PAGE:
I wasn't sure if he would be happy to see me. We hadn't spoken in so long, purely out of stubbornness. It all started on Father's Day. I had spoken to him two days before, but then forgotten to call on Father's Day. It was not an intentional slight, and I only learned about it a few weeks later when my middle sister Nicole mentioned it. She actually asked if it was correct, because our Dad is known to forget phone calls if he has had too much to drink. I realized right away that she was right- I had forgotten. I felt terrible and planned on calling him later to apologize profusely and ask forgiveness.

Wednesday, 28 June 2017

The Day I Stepped Out Of The Fog

Bit, rudder, fire. Bit, rudder fire.

I repeated it over and over to myself for days. In the book of James it says;

"A bit in the mouth of the horse controls the whole horse. A small rudder on a huge ship in the hands of a skilled captain sets a course in the face of the strongest winds. A word out of your mouth may seem like no account, but it can accomplish nearly anything- or destroy it!

It only takes a spark, remember, to set off a forest fire. A careless or wrongly placed word out of your mouth can do that..." (James 3:3-6 MSG)

Out of (seemingly) no where I had remembered hearing a very smart woman speak on controlling your tongue. The context was completely different. She wasn't talking about parenting, but God used her words none the less.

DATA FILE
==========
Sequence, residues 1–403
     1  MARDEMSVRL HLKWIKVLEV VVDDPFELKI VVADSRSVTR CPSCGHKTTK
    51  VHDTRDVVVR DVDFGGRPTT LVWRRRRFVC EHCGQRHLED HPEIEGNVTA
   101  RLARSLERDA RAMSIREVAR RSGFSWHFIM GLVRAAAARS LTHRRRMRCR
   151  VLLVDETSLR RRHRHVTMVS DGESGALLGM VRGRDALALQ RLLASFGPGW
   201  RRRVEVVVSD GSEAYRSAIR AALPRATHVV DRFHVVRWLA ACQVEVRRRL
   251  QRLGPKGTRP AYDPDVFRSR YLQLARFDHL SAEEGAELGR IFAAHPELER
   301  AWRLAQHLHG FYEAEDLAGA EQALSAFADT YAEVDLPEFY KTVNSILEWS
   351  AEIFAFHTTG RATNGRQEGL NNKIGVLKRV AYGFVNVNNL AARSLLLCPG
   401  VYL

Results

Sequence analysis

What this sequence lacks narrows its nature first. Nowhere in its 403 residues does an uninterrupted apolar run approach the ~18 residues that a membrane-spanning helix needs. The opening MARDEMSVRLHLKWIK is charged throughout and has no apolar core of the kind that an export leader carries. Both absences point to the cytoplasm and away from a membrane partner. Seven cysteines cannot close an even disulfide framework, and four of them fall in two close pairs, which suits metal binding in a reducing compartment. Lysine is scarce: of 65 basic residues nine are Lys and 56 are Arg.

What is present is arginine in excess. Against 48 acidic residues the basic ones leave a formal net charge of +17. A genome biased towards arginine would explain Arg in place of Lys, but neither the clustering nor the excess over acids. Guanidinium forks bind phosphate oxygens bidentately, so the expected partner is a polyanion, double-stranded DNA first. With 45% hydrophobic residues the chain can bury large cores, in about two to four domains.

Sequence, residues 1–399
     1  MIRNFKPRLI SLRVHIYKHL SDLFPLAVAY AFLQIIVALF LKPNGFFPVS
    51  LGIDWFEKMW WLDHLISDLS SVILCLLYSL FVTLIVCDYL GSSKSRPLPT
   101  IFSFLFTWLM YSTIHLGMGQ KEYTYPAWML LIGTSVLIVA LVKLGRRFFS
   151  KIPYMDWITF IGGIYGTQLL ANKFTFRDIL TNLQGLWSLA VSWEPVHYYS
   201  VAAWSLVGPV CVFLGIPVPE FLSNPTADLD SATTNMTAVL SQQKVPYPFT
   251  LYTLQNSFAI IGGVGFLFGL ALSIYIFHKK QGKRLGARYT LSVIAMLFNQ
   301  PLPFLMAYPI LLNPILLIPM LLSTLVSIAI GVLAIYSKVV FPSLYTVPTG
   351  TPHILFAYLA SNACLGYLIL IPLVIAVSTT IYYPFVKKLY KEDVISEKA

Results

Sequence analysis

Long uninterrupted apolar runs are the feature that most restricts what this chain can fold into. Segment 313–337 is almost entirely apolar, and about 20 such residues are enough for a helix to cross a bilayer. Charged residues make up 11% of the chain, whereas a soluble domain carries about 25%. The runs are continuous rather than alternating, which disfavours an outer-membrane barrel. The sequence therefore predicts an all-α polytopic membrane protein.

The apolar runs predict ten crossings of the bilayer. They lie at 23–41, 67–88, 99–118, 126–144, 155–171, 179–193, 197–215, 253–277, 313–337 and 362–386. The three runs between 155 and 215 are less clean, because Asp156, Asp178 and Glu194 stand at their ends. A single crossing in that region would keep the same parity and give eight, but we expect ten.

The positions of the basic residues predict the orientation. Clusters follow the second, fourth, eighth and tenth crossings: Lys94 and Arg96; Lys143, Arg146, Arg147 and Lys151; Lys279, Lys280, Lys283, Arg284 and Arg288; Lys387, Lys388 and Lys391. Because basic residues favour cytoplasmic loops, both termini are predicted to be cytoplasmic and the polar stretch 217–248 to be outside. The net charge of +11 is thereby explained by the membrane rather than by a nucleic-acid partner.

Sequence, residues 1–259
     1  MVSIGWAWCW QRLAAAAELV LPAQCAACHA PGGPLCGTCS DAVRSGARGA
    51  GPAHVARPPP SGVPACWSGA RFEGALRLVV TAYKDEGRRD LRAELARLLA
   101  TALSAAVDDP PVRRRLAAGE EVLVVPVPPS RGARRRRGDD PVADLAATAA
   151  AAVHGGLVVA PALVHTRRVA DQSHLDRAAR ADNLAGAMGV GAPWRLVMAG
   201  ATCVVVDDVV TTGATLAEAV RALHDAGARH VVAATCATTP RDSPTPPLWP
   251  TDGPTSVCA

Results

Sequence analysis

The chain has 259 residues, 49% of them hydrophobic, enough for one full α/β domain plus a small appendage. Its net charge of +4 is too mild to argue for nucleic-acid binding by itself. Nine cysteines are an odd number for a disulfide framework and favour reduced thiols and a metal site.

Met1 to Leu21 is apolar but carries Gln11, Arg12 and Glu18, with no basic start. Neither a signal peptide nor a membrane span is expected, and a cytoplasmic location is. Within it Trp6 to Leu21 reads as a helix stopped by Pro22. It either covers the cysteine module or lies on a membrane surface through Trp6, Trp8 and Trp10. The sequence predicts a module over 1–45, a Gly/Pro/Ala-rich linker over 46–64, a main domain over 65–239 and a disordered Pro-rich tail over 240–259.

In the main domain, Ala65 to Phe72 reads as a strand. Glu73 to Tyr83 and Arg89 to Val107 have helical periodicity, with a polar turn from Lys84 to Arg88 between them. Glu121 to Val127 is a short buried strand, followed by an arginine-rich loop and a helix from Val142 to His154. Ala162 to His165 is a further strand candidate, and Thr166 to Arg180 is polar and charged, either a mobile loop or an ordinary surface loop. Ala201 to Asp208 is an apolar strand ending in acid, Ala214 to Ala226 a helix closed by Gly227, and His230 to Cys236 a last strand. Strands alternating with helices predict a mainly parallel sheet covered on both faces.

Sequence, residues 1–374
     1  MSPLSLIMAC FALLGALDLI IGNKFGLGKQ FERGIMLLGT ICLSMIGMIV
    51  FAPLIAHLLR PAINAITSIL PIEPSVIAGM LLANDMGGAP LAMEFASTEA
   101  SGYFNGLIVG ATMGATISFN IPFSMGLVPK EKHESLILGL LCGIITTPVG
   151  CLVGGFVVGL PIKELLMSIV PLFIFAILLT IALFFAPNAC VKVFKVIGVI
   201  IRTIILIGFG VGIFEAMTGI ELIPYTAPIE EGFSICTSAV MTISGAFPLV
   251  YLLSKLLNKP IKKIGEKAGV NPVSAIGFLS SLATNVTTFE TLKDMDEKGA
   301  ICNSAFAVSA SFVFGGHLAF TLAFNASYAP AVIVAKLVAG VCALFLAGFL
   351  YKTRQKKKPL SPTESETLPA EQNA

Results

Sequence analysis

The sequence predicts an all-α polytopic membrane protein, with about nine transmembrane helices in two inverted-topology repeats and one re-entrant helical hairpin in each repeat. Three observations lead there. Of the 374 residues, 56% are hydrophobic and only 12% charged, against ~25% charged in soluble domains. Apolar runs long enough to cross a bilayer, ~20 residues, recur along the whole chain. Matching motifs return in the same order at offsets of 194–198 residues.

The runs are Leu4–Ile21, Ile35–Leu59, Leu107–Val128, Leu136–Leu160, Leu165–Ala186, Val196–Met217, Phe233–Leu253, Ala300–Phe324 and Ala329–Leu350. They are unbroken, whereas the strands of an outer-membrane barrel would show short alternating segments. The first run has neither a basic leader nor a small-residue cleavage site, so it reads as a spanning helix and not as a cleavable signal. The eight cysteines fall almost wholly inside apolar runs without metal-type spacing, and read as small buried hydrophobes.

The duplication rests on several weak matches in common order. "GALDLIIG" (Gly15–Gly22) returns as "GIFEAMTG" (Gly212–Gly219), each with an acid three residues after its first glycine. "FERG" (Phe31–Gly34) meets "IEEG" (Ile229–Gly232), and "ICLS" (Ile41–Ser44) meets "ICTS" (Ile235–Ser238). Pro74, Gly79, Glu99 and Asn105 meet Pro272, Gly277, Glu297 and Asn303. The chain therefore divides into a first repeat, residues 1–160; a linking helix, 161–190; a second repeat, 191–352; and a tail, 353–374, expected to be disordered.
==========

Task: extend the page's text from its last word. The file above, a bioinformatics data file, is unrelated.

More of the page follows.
Tuesday, 20 June 2017

Explaining the Fog

When you're in the middle of a thick fog, you can't see much else around you. I would sometimes hold my hand in front of my face, just to see if I still existed in that place. Because it's all around you, it's hard to see or think of anything else; but there isn't much to think about in a fog. It's like the color white - it isn't really a color, simply the absence of color. Fog is isn't something you focus on, it's the absence of focus and clarity. It's disorienting too, because you don't know if it stretches for only a few feet in front of you, or for miles.

Friday, 9 June 2017

The Beginning of A Journey Back

As we laid there beside each other in bed I wanted to apologize. I wanted to say that I was sorry for the last few months. Maybe even the last year or longer. I have been feeling so good this last week or two and it's actually been sticking. Not like the other times where it seemed like the fog lifted only for me to wake up a day or two later in the deep again. I wanted to apologize, but I was scared to. It felt like I would be claiming that I'm all better now, and then what if there was an expectation of me to be better. I didn't feel ready for that expectation, and I didn't trust the good feeling yet. So we laid there in silence, and once again I thanked God for how I was feeling better, and begged Him to let it stay.

I'm not sure where to start in this story, given that the story is my life. It's hard to pinpoint exactly when I went under the water, but I can recall many days of drowning. Drowning in depression, anxiety and feeling overwhelmed by the smallest of things. It was long before Audrey was born, so I'm hesitant to claim PPD. In fact, pregnancy ended up being some of the hardest months of my life, and I struggled with so much guilt for not feeling joyful and elated for the baby growing inside my womb. And while I wasn't depressed because I was pregnant, it still it felt very wrong to be depressed while I was pregnant.